However, if that were the case and a lack of logging was the reason, surely koalas in the Southeast NP would not be extinct and there would be more local sightings.

He goes on to suggest management over the next ten years will be really important for koalas, seemingly confirming his general denial about threats that may prevent koalas lasting that long.

cuttagee deg

 

On management issues, one of the works program priorities in the interim working plan for the reserves (Apppendix 4, 2) is ‘Habitat Restoration’. The idea is to “. . . Assess areas dominated by thick allocasuarina regrowth to determine habitat restoration options. Implement habitat restoration trials over a number of the sites. If successful these may be applied more broadly within the affected areas.”

There is no doubt the occurrence of black forest oak (Allocasuarina littoralis) has greatly increased over the past twenty years. The question is what sort of trials are being proposed and whether these will account for long term changes to soils.

Ideally, information from the recently released catchment management reports, would help inform management in that regard. As indicated in the graphic above, highlighting land degradation and probable poor regeneration, within the reserve in Cuttagee catchment.

The only issue would seem to be that while soil landscape mapping can be found in the reference list in both the interim reserve working plan and the catchment report. There appears to be no reference to soil landscape mapping in the main body of either document.

On a positive note, these omissions may confirm the EPA has an ongoing role in the koala issue, if only to keep logging going elsewhere.

Coinciding with threatened species day next month, the Crossing Land Education Centre is holding a free workshop on windbreak plantation design. The advertising material indicates  presentations are planned in the morning, including one  “. . . about the local koala population by Office of Environment and Hertiage (sic) scientist and local koala expert Chris Allen.” Accordingly attendees will be provided with lists “featuring fire retardant species and key koala species.”

I’m not sure why Chris Allen has been given the title of ‘scientist’, given a science degree is usually required. Similarly, Allen’s koala expertise would seem to be constrained to data on tree species koalas prefer in adjacent forests, where Forestry Corporation claim to be the tree growers.

However, if we leave aside the notion of fire retardant plants, everything burns if it’s hot enough. The question remains whether there is much point planting trees for koalas, if the soils cannot support their growth. The afternoon is devoted to planting a windbreak, although whether soil preparation has been a consideration is not clear.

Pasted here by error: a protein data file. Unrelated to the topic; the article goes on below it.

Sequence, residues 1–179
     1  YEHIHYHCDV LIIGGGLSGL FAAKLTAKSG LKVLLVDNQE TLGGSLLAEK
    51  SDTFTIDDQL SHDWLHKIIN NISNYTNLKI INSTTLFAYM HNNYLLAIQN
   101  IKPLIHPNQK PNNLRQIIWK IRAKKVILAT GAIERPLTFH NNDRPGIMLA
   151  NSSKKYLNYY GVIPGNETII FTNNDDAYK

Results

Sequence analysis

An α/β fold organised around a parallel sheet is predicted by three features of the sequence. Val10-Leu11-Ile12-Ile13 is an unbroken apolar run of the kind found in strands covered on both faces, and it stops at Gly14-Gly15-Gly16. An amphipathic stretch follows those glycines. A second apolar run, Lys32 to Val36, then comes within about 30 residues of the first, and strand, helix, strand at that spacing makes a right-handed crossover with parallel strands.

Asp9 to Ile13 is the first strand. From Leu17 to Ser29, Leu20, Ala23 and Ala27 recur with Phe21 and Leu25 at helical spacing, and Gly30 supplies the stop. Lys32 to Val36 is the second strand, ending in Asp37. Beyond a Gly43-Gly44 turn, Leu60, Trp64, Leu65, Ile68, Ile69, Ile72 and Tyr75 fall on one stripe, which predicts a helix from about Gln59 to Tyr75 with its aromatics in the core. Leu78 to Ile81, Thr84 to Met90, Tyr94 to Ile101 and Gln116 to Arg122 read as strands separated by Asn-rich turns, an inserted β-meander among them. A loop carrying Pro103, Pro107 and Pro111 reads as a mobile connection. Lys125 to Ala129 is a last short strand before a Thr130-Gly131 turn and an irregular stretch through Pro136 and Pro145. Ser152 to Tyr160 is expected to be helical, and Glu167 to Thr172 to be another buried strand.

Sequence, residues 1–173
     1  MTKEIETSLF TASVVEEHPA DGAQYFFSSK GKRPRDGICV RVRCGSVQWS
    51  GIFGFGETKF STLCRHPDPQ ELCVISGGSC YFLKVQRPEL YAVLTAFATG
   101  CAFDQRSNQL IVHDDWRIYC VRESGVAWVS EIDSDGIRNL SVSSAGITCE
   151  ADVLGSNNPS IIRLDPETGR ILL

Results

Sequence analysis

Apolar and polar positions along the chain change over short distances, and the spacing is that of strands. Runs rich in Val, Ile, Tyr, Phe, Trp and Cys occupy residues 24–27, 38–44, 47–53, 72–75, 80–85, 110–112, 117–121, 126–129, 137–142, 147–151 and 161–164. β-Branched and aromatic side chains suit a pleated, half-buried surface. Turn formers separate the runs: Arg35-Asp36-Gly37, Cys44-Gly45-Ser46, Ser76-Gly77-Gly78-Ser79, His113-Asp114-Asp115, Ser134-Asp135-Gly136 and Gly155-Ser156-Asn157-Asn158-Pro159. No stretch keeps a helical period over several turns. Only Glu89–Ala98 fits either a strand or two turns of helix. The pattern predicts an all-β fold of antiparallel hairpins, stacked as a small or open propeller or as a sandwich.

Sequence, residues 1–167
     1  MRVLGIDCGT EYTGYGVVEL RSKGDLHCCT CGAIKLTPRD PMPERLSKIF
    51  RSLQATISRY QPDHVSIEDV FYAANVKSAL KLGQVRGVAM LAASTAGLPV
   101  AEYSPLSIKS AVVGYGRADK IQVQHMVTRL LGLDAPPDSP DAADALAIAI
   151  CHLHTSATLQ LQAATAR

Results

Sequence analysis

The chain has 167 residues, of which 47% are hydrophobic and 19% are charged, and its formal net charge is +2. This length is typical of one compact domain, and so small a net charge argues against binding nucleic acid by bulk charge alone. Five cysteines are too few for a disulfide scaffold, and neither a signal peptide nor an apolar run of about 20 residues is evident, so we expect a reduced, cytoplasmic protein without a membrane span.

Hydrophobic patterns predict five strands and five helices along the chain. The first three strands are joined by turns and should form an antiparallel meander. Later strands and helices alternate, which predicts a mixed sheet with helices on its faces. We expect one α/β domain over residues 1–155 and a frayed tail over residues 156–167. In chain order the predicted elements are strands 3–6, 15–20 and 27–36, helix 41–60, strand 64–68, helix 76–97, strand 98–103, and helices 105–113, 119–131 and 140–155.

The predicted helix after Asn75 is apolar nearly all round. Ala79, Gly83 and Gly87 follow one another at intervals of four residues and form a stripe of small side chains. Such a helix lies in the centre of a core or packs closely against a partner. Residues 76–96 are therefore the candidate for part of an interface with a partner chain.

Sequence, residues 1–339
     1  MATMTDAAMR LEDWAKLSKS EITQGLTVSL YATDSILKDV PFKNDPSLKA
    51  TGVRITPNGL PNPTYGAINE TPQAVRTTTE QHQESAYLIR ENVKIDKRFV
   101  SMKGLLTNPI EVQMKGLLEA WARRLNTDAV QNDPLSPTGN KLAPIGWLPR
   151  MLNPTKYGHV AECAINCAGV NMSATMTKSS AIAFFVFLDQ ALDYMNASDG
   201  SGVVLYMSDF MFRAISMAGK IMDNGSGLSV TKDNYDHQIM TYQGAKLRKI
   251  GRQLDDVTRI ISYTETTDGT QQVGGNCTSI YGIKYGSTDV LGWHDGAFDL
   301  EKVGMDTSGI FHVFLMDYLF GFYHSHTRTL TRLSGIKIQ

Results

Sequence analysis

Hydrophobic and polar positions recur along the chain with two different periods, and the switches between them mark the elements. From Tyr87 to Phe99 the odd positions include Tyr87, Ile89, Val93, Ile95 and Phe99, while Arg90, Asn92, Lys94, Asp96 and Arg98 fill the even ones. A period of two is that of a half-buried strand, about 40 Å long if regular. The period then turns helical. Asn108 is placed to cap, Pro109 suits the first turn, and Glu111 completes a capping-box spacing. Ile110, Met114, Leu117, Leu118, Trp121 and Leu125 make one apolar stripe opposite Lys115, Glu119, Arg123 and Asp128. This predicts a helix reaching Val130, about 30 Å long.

wallace

Unlike koala surveys, that can provide instant gratification, an  alternative approach takes somewhat longer. Generally three years or so, employing a Wallace plough, pictured above, is required to adequately prepare the degraded soils for planting. There are several benefits from this longer term approach, including reduced compaction, increased aeration and biological activity. This particular unit has a seed box that could also be used to add other beneficial soil materials. The outcome, as indicated in the Equine permaculture graphic below, is an environment that encourages biological activity and deeper root development.

While this approach is similar to the deep ripping being trialled on the tablelands, there are significant differences. For example the Wallace plough is designed to ensure minimal surface disturbance. One off  deep ripping, without coulters, the serrated cutting discs at the front of the plough, rips grasses apart and tends to bring sub-soils to the top.

Another difference are the hydrological impacts, deep ripping across the contour, as employed on the tablelands, tends to increase the speed of water moving downslope and associated gully erosion. ‘ However, when  ‘keyline’ principles are employed, water is diverted along the slope, via the subsurface channels created by the plough and water is directed away from gullies.

Interestingly, John Champagne, Permaculture Designer and President of SCPA-South East Producers will also be giving a presentation, so perhaps other approaches may get a mention.

 

deep-ripping

 

After a delay due to rain, the Bega District News recently reported on the rescheduled World Environment Day dinner. Speaking at the occasion was former labour politician, Bob Debus.

According to the report Bob reckons “ . . . We’ve taken too much from the earth and given back too little, it’s time to say enough is enough.” He also expressed concerns that “. . . the new brand of conservatism, neoconservatism or neoliberalism, was overtly hostile to nature conservation and that was the origin of a new strain of environmental politics.”